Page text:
Jeff Corwin speaks to sold-out Jesse Hall
Sep. 26, 2008
Far from the rainforests and African plains that made him an Animal Planet icon, Emmy Award-winner and conservationist Jeff Corwin addressed a packed Jesse Auditorium on Wednesday.
Within 15 minutes of the doors opening, the sold-out crowd had already almost filled the venue. Students clutching copies of Corwin's latest book, "Living on the Edge," dotted the crowd. He is best known as the host of his cable TV show, "The Jeff Corwin Experience" and for his award-winning hosting stint on CNN's "Planet in Peril" mini-series, and came to MU to share stories and discuss conservation.
"I've been a fan of Jeff Corwin since middle school," freshman Austin Lohmenn said. "When I saw he was coming to MU, I was pretty excited. I've been watching him for years on Animal Planet."
The Delta Gamma Lectureship Committee was the host and main sponsor of the event and the Department of Student Activities Speakers Committee handled Corwin's logistical arrangements.
"Environmental problems are global issues that our generation will have to seriously consider in order to make our planet habitable in the future," Speakers Committee Chairwoman Sarah Powers said in an e-mail. "We felt that Mr. Corwin would be able to connect with our generation about these issues and hopefully encourage people to make sustainable choices."
A short video of Corwin's television highlights, featuring the conservationist's encounters with charging elephants, blood-sucking leeches and poisonous snakes, served as an introduction before Corwin walked onto the stage amid applause.
Corwin, 42, then shared personal anecdotes of his worldwide journeys and revealed the reasoning behind his passion for nature and animals. He also spoke about the place Missouri held in the global extinction of amphibians and his recent trip to the state while working on a documentary about the topic.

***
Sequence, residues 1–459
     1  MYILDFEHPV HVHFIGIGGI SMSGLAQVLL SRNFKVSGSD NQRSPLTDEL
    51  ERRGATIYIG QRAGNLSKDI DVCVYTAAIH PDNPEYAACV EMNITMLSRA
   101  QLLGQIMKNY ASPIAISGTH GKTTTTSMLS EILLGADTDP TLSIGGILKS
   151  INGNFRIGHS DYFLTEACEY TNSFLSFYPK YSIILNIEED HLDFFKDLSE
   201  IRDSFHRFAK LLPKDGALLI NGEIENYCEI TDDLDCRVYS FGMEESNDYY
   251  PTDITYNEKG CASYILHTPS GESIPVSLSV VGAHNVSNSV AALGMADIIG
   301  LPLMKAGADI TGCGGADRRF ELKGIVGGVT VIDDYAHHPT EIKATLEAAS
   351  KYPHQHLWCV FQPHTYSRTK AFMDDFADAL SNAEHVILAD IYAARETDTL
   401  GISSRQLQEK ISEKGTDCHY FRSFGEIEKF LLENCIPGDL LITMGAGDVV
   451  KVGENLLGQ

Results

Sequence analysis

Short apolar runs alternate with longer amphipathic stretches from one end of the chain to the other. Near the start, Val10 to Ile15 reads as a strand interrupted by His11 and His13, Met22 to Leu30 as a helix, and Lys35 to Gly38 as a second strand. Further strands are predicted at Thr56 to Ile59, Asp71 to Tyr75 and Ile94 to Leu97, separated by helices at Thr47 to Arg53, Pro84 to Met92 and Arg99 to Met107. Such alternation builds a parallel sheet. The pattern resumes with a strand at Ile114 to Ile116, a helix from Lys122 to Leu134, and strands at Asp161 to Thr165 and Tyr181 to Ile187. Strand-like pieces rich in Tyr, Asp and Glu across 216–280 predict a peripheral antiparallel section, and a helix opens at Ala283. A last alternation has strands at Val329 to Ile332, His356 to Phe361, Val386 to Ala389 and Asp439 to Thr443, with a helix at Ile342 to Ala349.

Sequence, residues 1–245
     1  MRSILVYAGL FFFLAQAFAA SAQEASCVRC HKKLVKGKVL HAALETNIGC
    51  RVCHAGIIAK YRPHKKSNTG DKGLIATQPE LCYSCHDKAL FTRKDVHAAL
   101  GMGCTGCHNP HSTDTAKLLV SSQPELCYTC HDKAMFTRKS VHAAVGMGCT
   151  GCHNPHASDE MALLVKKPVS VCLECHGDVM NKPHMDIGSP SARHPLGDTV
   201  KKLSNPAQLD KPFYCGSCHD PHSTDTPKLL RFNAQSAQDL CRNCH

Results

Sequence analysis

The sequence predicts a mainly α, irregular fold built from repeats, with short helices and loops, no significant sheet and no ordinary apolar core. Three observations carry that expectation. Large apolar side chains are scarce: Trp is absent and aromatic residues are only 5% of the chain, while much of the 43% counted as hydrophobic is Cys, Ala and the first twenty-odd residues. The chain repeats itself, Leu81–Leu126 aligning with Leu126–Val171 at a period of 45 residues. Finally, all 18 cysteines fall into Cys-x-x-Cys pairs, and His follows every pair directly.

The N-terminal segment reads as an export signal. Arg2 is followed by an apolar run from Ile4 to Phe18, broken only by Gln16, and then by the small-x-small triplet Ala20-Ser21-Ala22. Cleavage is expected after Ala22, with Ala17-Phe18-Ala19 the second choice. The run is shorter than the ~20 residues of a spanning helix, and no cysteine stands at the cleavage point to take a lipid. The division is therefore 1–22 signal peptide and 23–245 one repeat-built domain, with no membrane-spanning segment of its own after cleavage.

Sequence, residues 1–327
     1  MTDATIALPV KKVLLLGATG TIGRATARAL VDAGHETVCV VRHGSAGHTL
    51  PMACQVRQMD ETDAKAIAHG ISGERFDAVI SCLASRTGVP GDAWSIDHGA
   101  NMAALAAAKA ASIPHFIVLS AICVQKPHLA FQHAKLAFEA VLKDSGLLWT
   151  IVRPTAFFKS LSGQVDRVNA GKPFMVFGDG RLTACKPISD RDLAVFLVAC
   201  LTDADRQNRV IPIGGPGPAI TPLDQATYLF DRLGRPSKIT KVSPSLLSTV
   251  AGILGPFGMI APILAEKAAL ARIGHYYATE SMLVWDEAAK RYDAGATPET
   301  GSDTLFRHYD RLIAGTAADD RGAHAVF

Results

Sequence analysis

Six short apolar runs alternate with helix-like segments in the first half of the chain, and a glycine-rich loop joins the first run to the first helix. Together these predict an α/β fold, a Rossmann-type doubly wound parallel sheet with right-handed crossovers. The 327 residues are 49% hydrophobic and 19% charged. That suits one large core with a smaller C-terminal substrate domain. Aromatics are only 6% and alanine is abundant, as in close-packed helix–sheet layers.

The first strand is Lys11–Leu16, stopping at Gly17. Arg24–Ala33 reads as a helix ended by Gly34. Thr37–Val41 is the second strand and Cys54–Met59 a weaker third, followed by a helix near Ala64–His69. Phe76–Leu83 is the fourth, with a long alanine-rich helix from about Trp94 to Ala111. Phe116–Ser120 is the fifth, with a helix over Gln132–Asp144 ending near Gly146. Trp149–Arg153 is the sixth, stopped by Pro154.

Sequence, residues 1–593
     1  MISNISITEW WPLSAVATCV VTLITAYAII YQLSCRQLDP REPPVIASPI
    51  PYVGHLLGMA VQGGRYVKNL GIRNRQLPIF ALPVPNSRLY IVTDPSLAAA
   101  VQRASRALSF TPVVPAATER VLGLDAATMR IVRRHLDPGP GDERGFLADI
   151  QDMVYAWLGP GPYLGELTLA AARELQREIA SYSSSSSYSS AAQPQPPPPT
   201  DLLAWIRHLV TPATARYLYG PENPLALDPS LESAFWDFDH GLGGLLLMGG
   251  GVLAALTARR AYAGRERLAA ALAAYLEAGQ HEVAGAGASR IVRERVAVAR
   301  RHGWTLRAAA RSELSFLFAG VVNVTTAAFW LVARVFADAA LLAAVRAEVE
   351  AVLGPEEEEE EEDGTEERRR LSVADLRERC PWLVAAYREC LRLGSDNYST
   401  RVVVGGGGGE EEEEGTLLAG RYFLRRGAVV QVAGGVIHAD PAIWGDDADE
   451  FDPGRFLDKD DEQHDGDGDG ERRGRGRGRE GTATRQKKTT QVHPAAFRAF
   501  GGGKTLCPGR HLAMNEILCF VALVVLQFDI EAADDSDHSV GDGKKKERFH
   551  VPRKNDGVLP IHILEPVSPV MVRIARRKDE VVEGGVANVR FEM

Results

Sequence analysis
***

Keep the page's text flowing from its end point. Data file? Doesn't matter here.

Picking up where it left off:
"I came here on a mission that affirmed to me why I do what I do," Corwin said. "You have my favorite salamander, the hellbender, living in your backyard. But, in the last few years their population in Missouri has gone from 30,000 to 1,000. Tragically, today we're experiencing the greatest mass extinction of amphibians since the dinosaurs."
Corwin also told about his first encounter with the wild side of nature, when, as an 8-year-old, he refused to let go of a snake that had attached itself to his arm with its fangs.
"That was the day I was wired to be who I am today," Corwin said. "That is the day I became a naturalist."
Corwin stressed the importance he placed on never harming animals and spoke about the equality of all species.
"We're one of many species that inhabit this planet," Corwin said. "There are many things that make humans special, but there are also things that make us and other species on this planet alike."
Corwin expressed his sorrow about the continual extinction of many creatures and confessed there is a limit to what he can do to save animals.
"The truth is no matter how hard my colleagues and I work, in some ways, we've failed," he said. "We lose a different species of life on our planet every 20 minutes."
Despite these defeats, Corwin also shared some success stories, including the bald eagle and the American alligator, which have made a rapid recovery in population throughout the last few years.
Before asking for questions from the audience, Corwin finished with the topic of his two young daughters, Maya Rose and Marina, and the world he hopes to leave for them.
"We don't want to just do this conservationism for ourselves," Corwin said. "Our lives are short. We think of all the legacies we want to leave in our country, but I can't think of a better legacy of our generation than to leave behind a biologically diverse world for our children."